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We add 'set -e' to abort on errors. This allows identifying issues in
the test flow earlier.

We remove the created $TOOL_BASE directory on extraction error as this
is used to check for skipping the download the next time the script

Signed-off-by: Enrico Joerns <>

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RAUC logo

RAUC - Robust Auto-Update Controller

LGPLv2.1 Travis_branch Codecov_branch Coverity lgtm Documentation Matrix

RAUC controls the update process on embedded Linux systems. It is both a target application that runs as an update client and a host/target tool that allows you to create, inspect and modify installation artifacts.

Source Code:


Chat: IRC channel #rauc on freenode (bridged to the Matrix channel


  • Fail-Safe & Atomic:
    • An update may be interrupted at any point without breaking the running system.
    • Update compatibility check
    • Atomic bootloader updates (eMMC boot partitions, MBR, GPT)
  • Cryptographic signing and verification of updates using OpenSSL (signatures based on x.509 certificates)
    • Keys and certificates on PKCS#11 tokens (HSMs) are supported
  • Flexible and customizable redundancy/storage setup
    • Symmetric setup (Root-FS A & B)
    • Asymmetric setup (recovery & normal)
    • Application partition, data partitions, ...
    • Allows grouping of multiple slots (rootfs, appfs) as update targets
  • Network streaming mode using casync
    • chunk-based binary delta updates
    • significantly reduce download size
    • no extra storage required
  • Bootloader support:
  • Storage support:
    • ext4 filesystem
    • eMMC boot partitions (atomic update)
    • vfat filesystem
    • UBI volumes
    • UBIFS
    • raw NAND (using nandwrite)
    • squashfs
    • MBR partition table
    • GPT partition table
  • Independent from update source
    • USB Stick
    • Software provisioning server (e.g. hawkBit)
  • Controllable via D-Bus interface
  • Supports data migration
  • Network protocol support using libcurl (https, http, ftp, ssh, ...)
  • Several layers of update customization
    • Update-specific extensions (hooks)
    • System-specific extensions (handlers)
    • fully custom update script

Host Features

  • Create update bundles
  • Sign/resign bundles
  • Inspect bundle files

Target Features

  • Run as a system service (D-Bus interface)
  • Install bundles
  • View system status information
  • Change status of symmetric/asymmetric/custom slots

Target Requirements

  • Boot state storage
    • GRUB: environment file on SD/eMMC/SSD/disk
    • Barebox: State partition on EEPROM/FRAM/MRAM or NAND flash
    • U-Boot: environment variable
    • EFI: EFI variables
    • Custom: depends on implementation
  • Boot target selection support in the bootloader
  • Enough mass storage for two symmetric/asymmetric/custom slots
  • For normal bundle mode:
    • Enough storage for the compressed bundle file (in memory, in a temporary partition or on an external storage device)
  • For casync bundle mode:
    • No additional storage needed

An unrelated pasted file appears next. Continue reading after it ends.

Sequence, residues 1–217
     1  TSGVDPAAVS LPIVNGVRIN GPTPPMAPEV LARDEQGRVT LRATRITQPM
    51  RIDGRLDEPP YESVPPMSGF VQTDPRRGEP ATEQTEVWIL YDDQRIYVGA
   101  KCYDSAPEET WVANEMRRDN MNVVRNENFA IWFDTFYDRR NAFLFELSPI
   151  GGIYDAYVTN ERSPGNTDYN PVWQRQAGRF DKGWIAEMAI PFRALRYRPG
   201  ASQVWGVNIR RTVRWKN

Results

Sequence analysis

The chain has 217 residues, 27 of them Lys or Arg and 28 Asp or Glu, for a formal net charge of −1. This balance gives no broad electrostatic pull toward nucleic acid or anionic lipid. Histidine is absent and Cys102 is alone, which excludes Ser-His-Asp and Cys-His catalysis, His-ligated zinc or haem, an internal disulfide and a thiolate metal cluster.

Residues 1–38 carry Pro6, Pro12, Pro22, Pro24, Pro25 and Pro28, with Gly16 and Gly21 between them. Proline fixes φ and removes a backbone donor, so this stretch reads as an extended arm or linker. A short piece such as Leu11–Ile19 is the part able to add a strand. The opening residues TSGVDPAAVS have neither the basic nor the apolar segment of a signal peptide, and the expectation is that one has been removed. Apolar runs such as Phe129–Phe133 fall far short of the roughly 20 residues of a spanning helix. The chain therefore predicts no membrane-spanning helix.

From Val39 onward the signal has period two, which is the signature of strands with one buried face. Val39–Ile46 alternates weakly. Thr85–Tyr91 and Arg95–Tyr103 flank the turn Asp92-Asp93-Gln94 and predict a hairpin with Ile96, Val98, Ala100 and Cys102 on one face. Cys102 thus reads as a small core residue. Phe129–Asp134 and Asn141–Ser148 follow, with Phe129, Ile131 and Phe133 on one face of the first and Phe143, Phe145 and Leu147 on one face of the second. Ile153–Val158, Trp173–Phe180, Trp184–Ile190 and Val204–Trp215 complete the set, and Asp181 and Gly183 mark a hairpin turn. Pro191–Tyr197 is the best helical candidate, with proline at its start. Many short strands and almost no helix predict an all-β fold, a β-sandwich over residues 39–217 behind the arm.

• Network interface
  • Hardware watchdog (optional, but recommended)
  • RTC (optional, but recommended)


Please see the documentation for details.


Host (Build) Prerequisites

  • build-essential
  • automake
  • libtool
  • libdbus-1-dev
  • libglib2.0-dev
  • libcurl3-dev
  • libssl-dev
sudo apt-get install build-essential automake libtool libdbus-1-dev libglib2.0-dev libcurl3-dev libssl-dev

If you intend to use json-support you also need

sudo apt-get install libjson-glib-dev

Target Prerequisites

Required kernel options:


For using tar archive in RAUC bundles with Busybox tar, you have to enable the following Busybox feature:


Depending on the actual storage type and/or filesystem used, further target tools might be required. The documentation chapter Required Target Tools gives a more detailed list on these.

Building from Sources


RAUC is intended to be built both as a host tool as well as a target tool (service). Therefore it is fully prepared for automake cross-compilation

git clone
cd rauc

Manual Installation


To prepare RAUC for the target device, it is highly recommended to use an embedded Linux distribution build suite such as Yocto/OE, PTXdist or Buildroot.

On the host system RAUC can be used directly from the build dir, or optionally be installed. On the target instead, installing is highly recommended as it also unpacks service and D-Bus configuration files required to run RAUC properly:

make install

Running the Test Suite

sudo apt-get install qemu-system-x86 time squashfs-tools
# Optional to run all tests:
# sudo apt-get install faketime casync grub-common softhsm2 opensc opensc-pkcs11 libengine-pkcs11-openssl mtd-utils
make check

Creating a Bundle (Host)

Create a directory with the content that should be installed:

mkdir content-dir/
cp $SOURCE/rootfs.ext4 content-dir/

Create a manifest describing which image to install where together with some meta info:

cat >> content-dir/manifest.raucm << EOF
compatible=FooCorp Super BarBazzer

Let RAUC create a bundle from this:

rauc --cert autobuilder.cert.pem --key autobuilder.key.pem bundle content-dir/ update-2019.01-1.raucb

Starting the RAUC Service (Target)

Create a system configuration file in /etc/rauc/system.conf and start the service process in background:

rauc service &

Installing a Bundle (Target)

To install the bundle on your target device, run:

rauc install update-2019.01-1.raucb


Fork the repository and send us a pull request.

Please read the Documentation's Contributing section for more details.

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